José Manuel González (University of Alicante, Spain)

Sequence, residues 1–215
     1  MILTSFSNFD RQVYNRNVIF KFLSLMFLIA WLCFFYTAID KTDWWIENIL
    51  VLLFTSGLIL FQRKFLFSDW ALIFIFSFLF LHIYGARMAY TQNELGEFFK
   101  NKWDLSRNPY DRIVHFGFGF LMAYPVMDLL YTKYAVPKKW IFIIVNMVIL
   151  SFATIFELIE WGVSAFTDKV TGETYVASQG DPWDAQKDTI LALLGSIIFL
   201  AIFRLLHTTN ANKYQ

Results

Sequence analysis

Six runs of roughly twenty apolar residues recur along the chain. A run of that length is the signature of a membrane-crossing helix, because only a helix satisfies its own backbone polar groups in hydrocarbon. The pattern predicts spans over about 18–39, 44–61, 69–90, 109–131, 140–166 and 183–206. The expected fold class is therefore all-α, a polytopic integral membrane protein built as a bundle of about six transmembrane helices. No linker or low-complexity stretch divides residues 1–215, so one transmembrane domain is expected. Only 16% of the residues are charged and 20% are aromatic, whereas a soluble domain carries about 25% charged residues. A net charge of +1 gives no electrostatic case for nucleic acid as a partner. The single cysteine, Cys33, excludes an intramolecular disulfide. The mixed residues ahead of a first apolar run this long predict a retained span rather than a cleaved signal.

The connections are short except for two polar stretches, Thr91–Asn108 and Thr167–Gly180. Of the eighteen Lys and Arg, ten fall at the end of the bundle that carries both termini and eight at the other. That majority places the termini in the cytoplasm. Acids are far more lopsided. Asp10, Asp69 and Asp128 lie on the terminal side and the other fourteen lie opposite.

The 2011 World Shakespeare Congress in Prague provides an apt opportunity to reconsider the implications of the name Shakespeare gave his own theatre. The 400th anniversary of the first recorded performance of The Tempest also offers an appropriate occasion to examine the ways in which Shakespeare’s plays and poems engage with an emerging global economy. His wordplay on “the great globe itself” suggests that Shakespeare was fully conscious of the potential of “this under globe” as a model for this first global moment of international and multilateral exchange, and intended his own writing to “compass the globe”. Yet his texts are haunted by anxieties about “th’affrighted globe” and “this distracted globe” that hint at awareness of the limitations of a “globe of sinful continents”. So, to what extent was Shakespeare invoking a world culture when he called his playhouse the Globe? What were the assumptions “hid behind the globe” when Shakespeare named his stage? After 400 years of translation and reproduction in “states unborn, and accents” then unknown, what are the limits to Shakespearean universality? How does the process of transformation of local or regional phenomena into global ones and the reduction and removal of barriers between national borders affect the appropriations and adaptations of Shakespeare to the different cultures and spaces? And how do we read and see Shakespeare texts as they travel across time to different places, especially in relation to the seminar transnational focus?